I just attended to a study project in abroad and I don't know if I'm correct at calling people and professors.

Is it possible to call a professor just only "professor"?

I mean, is it possible to not use any first name or last name. For example, when I see one of my professor, I say him " Hello professor" and don't greet him as " Hello professor Thompson".

Is this appropriate and normal?


  • It might be worth adding where you are. This is likely to depend a lot on where you are. Apr 5, 2020 at 18:19

1 Answer 1


It is acceptable and common to address people who have a title, position, or rank with a title, by their title alone, e.g. "Hello, nurse/doctor/professor/judge/mayor/captain/Prime Minister (etc)".

  • 2
    Might mention that this is intentionally impersonal. It maintains professional distance and respect.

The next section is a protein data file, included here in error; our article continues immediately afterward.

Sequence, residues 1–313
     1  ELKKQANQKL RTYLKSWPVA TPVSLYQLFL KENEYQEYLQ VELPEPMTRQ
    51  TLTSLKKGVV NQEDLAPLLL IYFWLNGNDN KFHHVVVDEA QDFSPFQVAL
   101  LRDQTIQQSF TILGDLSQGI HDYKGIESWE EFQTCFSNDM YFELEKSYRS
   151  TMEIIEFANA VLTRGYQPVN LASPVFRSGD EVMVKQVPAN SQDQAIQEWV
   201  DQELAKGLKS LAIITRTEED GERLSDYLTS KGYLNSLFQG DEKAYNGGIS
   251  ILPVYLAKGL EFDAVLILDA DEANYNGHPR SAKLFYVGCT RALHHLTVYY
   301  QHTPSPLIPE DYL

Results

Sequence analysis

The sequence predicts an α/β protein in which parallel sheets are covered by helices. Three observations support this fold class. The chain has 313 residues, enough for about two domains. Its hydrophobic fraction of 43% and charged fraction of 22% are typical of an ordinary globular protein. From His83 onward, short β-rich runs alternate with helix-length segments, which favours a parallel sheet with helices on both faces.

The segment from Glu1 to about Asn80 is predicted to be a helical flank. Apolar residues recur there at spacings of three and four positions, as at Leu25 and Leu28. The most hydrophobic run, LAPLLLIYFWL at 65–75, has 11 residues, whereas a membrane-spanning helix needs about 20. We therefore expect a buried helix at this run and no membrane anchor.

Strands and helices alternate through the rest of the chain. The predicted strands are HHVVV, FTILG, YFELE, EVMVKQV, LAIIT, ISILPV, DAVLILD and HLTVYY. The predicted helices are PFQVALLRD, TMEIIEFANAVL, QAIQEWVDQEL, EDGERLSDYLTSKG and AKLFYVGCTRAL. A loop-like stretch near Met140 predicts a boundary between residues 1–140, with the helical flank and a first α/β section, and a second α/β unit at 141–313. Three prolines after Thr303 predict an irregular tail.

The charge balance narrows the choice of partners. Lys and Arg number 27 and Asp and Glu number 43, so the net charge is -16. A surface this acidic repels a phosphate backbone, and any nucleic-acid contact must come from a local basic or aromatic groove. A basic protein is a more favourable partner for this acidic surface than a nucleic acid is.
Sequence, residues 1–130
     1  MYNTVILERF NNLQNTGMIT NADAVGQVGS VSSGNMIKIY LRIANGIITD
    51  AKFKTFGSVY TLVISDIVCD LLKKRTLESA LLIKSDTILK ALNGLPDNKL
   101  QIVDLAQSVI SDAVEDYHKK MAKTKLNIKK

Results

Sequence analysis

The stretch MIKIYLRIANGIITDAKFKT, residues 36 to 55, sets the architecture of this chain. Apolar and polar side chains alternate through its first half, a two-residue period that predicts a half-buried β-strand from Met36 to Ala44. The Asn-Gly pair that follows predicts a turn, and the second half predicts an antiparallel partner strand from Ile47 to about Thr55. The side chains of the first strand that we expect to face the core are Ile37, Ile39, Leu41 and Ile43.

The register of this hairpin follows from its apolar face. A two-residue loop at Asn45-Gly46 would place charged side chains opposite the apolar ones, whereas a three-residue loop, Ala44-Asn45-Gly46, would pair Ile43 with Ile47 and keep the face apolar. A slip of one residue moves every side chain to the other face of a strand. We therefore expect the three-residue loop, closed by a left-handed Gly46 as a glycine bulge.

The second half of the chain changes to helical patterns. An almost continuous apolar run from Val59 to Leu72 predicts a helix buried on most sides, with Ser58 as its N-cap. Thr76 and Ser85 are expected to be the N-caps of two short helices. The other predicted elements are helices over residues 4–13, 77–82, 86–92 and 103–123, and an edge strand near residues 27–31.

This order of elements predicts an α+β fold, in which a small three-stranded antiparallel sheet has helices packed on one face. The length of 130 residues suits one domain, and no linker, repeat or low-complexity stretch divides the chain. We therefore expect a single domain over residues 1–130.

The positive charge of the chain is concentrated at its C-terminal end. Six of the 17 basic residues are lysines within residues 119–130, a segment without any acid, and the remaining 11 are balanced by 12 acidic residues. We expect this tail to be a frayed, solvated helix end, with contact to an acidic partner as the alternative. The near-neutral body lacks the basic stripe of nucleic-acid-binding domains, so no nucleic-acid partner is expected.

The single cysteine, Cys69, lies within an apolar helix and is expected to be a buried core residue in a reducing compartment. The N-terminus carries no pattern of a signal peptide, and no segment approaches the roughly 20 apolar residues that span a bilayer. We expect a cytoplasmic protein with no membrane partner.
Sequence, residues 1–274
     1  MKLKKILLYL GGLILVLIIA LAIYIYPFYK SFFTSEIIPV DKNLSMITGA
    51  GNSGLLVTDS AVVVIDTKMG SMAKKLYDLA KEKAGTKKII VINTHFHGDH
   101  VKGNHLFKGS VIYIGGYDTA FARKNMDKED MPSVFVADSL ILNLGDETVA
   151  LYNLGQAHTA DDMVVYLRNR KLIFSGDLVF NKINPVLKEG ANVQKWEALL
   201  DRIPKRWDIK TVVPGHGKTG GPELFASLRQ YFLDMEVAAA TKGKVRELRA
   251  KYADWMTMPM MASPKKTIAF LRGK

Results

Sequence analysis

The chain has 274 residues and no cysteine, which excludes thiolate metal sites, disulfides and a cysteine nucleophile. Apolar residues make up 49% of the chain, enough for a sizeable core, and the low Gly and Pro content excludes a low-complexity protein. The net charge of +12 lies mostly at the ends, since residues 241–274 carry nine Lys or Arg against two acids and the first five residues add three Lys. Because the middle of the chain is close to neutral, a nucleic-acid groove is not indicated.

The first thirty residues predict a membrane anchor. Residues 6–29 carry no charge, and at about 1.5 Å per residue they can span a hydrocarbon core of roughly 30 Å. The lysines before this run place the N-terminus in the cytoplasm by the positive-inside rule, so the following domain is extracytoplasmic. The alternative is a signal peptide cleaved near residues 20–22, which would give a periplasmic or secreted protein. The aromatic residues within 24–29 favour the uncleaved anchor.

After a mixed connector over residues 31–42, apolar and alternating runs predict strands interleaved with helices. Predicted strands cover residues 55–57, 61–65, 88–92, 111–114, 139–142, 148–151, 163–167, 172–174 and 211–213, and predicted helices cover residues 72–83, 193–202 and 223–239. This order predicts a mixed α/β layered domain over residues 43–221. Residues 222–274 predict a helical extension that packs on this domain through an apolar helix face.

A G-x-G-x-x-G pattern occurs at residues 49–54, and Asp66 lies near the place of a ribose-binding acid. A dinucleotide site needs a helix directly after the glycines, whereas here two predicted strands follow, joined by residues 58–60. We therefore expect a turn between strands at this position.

– James K
    Apr 4, 2020 at 16:14
  • @Michael Harvey and James K thank you both for your answer ;-) Apr 4, 2020 at 16:21
  • 7
    @gidds Positions are often used when you need to directly address someone but don't know their name. One example I hear often is "Back door please, Driver!" called out from the back of a bus when they've closed the door too early.
    – user99049
    Apr 4, 2020 at 23:52
  • 2
    In Britain, it is common, when passing the driver to leave a bus, to thank him or her, and where I live (Bristol) many people say "Thank you, driver!" Apr 5, 2020 at 8:00
  • 1
    @JamesK I don’t agree that this is impersonal. If you know your professor well (but study at an institution where students and professors are not on a first-name basis), “Good morning, professor” seems far less formal and distant than “Good morning, Professor Thompson”. Unless you were saying it’s impersonal compared to using a name without a title – then I agree, of course. Apr 5, 2020 at 15:56

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